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UNICEF Rakhine: Promoting and Protecting the Rights of Every Child

 SITTWE, Rakhine State, Myanmar, 04 June 2014 - Today UNICEF Myanmar launched its 2-year multi-sector work plan for Rakhine State under the slogan Promoting and Protecting the Rights of Every Child. The Rakhine State Work Plan is part of the Programme of Cooperation between the Government of the Republic of the Union of Myanmar and UNICEF, to address the long term development needs of Rakhine State. The launch ceremony was attended by more than 150 Government officials from both State and Township level, as well as local civil society organizations, UN and INGOs.

On behalf of the Chief Minister for Rakhine State, U Hla Maung Tin, Dr Aung Kyaw Minn, Rakhine State Minister for Finance in his opening address, stated that “We welcome the close cooperation with UNICEF in Rakhine State, so we together can fulfil the rights of every child in Rakhine in the years to come”.

Rakhine State has some of the lowest social and development indicators in the Union of Myanmar, and is the second least developed state in Myanmar. Children in Rakhine are more likely to be malnourished than the average Myanmar child, with almost 50 per cent of children being stunted. According to a survey undertaken in 2010, i.e. two years before the massive displacements resulting from inter-communal violence, only 12 per cent of children are likely to be born in a health care facility, compared to the national average of 36 per cent. Almost 30% of Rakhine children are not enrolled in primary education, and only 5 per cent of children have access to pre-school education compared to the national average of 23 per cent. Children affected by conflict continue to live in poor conditions in camps with limited access to services. In addition, the region is prone to cyclones and other natural disasters.

New opportunities for partnerships are emerging with the ongoing reform and decentralization process in the Union of Myanmar. “With this State Work Plan, we aim to support the decentralization process by strengthening our strategic engagement at the State level and enhancing the capacity of Sittwe authorities to meet the needs of all children and sustain results,” stated Mr. Bertrand Bainvel, UNICEF Representative to Myanmar. “Increased attention on capacity building, technical support, and improved quality of services to all children across Rakhine State will be the key objectives in the coming years”, Mr. Bainvel continued.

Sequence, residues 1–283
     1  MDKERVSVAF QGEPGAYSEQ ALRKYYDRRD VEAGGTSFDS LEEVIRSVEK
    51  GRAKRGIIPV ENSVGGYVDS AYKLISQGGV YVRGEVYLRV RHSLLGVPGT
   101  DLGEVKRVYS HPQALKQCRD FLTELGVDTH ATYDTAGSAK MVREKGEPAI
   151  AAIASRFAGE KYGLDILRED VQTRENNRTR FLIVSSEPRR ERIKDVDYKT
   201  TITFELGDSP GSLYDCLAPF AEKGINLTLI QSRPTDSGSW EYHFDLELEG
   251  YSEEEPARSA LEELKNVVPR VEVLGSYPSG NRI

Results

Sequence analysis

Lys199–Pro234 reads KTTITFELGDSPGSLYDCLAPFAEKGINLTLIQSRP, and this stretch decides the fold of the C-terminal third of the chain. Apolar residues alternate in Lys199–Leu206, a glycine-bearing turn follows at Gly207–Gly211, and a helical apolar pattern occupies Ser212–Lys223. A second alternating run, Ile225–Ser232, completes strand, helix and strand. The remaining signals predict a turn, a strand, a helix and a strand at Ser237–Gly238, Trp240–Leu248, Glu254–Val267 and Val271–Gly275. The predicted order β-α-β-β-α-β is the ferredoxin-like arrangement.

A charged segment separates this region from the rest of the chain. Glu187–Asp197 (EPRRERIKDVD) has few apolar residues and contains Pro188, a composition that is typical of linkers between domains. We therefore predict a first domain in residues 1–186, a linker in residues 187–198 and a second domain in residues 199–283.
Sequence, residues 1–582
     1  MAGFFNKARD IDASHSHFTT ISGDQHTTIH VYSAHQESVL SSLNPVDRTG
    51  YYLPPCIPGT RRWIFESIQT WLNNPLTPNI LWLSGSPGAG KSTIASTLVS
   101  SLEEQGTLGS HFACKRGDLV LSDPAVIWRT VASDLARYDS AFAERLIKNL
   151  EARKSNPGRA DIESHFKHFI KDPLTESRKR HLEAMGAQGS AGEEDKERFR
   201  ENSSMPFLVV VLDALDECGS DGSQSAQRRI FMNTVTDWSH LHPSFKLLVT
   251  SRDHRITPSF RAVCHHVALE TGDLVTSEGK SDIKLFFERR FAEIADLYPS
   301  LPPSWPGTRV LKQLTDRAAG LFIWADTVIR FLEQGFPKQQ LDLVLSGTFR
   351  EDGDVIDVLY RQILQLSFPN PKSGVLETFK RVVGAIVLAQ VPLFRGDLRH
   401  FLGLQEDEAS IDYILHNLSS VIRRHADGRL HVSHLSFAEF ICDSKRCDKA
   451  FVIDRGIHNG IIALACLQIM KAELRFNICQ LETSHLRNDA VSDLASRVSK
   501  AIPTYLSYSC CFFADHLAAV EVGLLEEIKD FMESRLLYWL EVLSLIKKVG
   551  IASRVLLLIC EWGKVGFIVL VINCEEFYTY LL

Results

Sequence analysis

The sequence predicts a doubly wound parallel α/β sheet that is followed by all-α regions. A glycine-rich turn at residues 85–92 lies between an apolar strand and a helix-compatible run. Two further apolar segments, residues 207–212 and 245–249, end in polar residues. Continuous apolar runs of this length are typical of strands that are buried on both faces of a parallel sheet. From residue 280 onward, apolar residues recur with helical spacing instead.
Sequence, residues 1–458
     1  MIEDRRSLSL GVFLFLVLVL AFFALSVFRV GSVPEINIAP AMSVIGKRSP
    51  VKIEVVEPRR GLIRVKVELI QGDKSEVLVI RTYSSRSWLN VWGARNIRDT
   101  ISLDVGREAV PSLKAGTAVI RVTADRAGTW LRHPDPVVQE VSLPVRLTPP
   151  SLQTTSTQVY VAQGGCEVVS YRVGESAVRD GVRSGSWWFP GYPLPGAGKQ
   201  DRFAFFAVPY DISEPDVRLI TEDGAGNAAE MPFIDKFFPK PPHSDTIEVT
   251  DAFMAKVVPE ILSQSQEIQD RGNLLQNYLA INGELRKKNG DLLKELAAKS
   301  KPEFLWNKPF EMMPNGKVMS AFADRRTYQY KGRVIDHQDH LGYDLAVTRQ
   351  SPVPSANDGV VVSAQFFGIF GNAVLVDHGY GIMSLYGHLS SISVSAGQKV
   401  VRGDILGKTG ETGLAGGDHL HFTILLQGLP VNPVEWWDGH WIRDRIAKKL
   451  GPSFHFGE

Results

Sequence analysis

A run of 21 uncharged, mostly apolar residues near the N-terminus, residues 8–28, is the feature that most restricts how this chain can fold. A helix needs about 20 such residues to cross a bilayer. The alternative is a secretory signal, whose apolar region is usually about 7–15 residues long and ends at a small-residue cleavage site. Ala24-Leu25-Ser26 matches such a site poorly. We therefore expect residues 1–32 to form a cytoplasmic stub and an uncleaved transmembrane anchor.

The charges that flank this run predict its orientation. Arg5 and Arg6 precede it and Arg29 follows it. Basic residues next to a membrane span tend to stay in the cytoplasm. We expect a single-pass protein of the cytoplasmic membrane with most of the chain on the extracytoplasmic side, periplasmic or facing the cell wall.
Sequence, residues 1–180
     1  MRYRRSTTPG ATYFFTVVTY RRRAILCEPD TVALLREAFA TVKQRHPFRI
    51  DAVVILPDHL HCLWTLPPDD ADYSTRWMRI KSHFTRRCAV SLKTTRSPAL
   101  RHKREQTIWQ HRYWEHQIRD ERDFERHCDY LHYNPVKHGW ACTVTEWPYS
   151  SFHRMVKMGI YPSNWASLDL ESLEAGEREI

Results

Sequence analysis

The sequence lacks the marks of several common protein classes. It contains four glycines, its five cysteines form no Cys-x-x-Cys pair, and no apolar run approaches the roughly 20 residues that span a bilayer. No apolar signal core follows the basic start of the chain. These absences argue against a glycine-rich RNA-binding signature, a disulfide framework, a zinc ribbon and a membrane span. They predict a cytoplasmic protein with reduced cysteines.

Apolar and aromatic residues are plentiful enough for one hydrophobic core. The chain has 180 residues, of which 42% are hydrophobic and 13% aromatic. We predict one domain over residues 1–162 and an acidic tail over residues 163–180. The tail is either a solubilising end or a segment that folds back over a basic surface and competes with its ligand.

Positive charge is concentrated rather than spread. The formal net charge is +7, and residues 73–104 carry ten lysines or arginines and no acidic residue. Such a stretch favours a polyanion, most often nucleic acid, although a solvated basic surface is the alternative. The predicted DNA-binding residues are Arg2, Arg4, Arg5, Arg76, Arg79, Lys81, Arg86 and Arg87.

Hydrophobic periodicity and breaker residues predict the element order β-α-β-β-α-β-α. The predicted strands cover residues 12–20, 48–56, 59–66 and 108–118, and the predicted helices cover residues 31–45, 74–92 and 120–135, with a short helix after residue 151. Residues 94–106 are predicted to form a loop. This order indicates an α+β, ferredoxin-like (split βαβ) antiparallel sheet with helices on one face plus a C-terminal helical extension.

UNICEF plans to expand its ongoing programmes to several new Townships across Rakhine to improve the quality and access to education, improve the health and nutritional status of children, and increase positive behaviours with regards to sanitation and handling of water to avoid unnecessary disease outbreaks.

“Children in Rakhine State are poorer and less likely to access basic services compared to children in other parts of Myanmar” emphasized Mr. Bainvel, “We need to prioritize the long term development needs of Rakhine, so that every child gets the best possible start in life, regardless of ethnic, religious, or legal status,” Mr. Bainvel concluded. [Ends]

UNICEF in Myanmar
UNICEF has been working with the Government and the people of Myanmar since 1950. In partnership with the Government and the civil society, UNICEF’s current focus of work aims at reducing child mortality, improving access and quality of education and protecting children from violence, abuse and exploitation. For more information about UNICEF and its work in Myanmar. Please visit: http://www.unicef.org/myanmar. Follow us on Facebook.

For more information please contact:
Alison Rhodes, UNICEF Myanmar, slinn@unicef.org
Ye Lwin Oo, UNICEF Myanmar, ylwinoo@unicef.org

 

 
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